Introduction to Political Theory

(Marvins-Underground-K-12) #1
Two further points should be made (these are not further steps in the argument,
but important elaborations of what has been set out above):

  1. The punishment need not be strictly analogous to the crime: its nature is
    determined by the ‘generalised’ will of the criminal. The lex talionisrequires not
    strict equivalence but ‘proportionality’: we do not fine mass murderers and
    execute speeding drivers! Furthermore, we are not barbaric: because a murderer
    tortured his victims to death it does not follow that we should do likewise – as
    we will see later this opens up the possibility that a retributivist might be opposed
    to the death penalty.

  2. Punishment must have certain characteristics: it must be the result of a due
    process; appropriate; carried out by an authorised authority; and coolly


As the label suggests a consequentialist judges the rightness of an action by its con-
sequences. So applied to punishment, put simply, we punish in order to bring about
good consequences, or avoid (or reduce) bad ones. The term ‘consequentialism’ covers
a broad family of moral and political theories, the best known of which is
utilitarianism, which is a maximising form of consequentialism. Consequentialism
is discussed in more detail in Chapter 8 (Liberalism), but in summary its main features

  • In its utilitarian version consequentialism requires that legal and political
    institutions should function to maximise the overall level of welfare – or utility

    • of a society. Utilitarians differ over the definition of utility, but all must agree

  • Instances of utility are commensurable – that is, you can compare different things
    by their capacity to increase or reduce utility. For example, you can compare the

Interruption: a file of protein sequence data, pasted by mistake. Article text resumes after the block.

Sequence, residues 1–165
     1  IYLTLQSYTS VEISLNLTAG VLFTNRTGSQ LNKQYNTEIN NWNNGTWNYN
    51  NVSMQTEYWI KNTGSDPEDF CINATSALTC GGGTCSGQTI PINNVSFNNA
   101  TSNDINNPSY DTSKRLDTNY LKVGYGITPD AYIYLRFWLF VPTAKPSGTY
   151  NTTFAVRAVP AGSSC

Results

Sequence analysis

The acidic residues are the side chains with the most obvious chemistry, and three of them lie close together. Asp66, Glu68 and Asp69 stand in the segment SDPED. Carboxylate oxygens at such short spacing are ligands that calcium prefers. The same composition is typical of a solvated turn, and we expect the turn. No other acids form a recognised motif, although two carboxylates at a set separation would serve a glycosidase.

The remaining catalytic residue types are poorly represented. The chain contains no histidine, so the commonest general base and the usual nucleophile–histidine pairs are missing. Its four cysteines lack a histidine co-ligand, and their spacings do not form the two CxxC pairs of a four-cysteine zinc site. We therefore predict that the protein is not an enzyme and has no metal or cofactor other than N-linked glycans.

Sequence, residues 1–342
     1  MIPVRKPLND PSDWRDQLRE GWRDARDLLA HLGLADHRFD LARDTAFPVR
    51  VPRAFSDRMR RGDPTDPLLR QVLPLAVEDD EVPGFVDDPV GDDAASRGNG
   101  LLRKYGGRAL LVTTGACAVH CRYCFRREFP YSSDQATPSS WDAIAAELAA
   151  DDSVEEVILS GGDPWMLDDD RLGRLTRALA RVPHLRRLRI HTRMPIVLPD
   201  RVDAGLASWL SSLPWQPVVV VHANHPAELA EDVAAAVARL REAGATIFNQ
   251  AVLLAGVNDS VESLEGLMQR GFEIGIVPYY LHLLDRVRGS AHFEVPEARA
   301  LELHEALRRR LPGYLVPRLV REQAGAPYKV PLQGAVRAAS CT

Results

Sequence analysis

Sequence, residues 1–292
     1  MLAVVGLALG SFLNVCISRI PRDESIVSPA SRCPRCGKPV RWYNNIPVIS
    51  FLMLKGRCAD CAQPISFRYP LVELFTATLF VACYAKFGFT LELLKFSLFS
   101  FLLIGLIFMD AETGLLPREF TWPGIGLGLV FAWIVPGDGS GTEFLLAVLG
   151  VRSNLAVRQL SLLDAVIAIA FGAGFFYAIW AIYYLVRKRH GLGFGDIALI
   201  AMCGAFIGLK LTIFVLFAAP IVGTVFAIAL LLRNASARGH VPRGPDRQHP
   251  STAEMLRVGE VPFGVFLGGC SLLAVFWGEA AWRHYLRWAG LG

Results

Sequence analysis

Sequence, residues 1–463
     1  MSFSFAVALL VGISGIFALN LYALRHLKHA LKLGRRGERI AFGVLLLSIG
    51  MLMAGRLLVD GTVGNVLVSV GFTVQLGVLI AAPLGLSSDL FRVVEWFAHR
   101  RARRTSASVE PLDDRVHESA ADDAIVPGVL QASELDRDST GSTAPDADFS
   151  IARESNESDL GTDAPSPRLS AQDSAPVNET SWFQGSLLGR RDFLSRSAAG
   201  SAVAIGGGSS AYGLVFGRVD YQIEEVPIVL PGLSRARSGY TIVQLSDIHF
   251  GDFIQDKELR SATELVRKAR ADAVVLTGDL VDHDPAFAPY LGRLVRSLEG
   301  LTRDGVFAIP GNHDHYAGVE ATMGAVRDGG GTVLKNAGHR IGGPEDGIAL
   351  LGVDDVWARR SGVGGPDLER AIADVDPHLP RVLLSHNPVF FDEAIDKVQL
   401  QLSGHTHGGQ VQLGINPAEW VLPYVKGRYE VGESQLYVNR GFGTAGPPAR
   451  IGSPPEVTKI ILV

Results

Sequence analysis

pain inflicted on a criminal when they are punished with the pain a victim suffers
    when the criminal goes unpunished. You cannot maximise something unless
    you can compare instances of utility. However, not all consequentialists are
    maximisers – we might say, for example, that punishment should (a) deter; (b)
    satisfy the victim; (c) reform the criminal, but not believe that you can measure
    all these things, or put them all onto one scale.
    There are a set of standard criticisms of utilitarianism: (a) what makes people
    happy, gives them pleasure, or what they prefer is completely open: if torturing
    another person gives you pleasure, then it must be counted into the ‘maximand’
    (that which is to be maximised); (b) we cannot respect the law if breaking it will
    increase utility; (c) utilitarians cannot respect individual rights – John Stuart Mill’s
    attempt to establish a ‘sphere of non-interference’ (rights) on the basis of ‘human
    interests in the widest sense’ (utility) is incoherent; (d) one person could be made
    to suffer excruciating pain in order to give a million people each a minuscule
    amount of pleasure. A less extravagant criticism is that utilitarians cannot be
    concerned about the distribution of welfare, but merely its overall level; (e) you are
    as much responsible for what you allow to happen as what you do in a more direct

146 Part 1 Classical ideas

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